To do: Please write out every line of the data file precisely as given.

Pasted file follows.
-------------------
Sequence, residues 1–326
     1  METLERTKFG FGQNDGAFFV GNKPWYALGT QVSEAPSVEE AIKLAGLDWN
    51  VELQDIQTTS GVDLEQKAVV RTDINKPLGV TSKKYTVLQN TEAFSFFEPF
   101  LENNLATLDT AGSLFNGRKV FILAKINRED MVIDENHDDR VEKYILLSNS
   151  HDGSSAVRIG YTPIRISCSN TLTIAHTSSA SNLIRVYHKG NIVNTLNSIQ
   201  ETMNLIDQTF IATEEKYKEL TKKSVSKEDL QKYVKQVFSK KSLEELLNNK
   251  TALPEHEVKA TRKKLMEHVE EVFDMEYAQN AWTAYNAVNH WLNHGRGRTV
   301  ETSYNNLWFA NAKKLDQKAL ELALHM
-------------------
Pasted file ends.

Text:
Sequence, residues 1–326
     1  METLERTKFG FGQNDGAFFV GNKPWYALGT QVSEAPSVEE AIKLAGLDWN
    51  VELQDIQTTS GVDLEQKAVV RTDINKPLGV TSKKYTVLQN TEAFSFFEPF
   101  LENNLATLDT AGSLFNGRKV FILAKINRED MVIDENHDDR VEKYILLSNS
   151  HDGSSAVRIG YTPIRISCSN TLTIAHTSSA SNLIRVYHKG NIVNTLNSIQ
   201  ETMNLIDQTF IATEEKYKEL TKKSVSKEDL QKYVKQVFSK KSLEELLNNK
   251  TALPEHEVKA TRKKLMEHVE EVFDMEYAQN AWTAYNAVNH WLNHGRGRTV
   301  ETSYNNLWFA NAKKLDQKAL ELALHM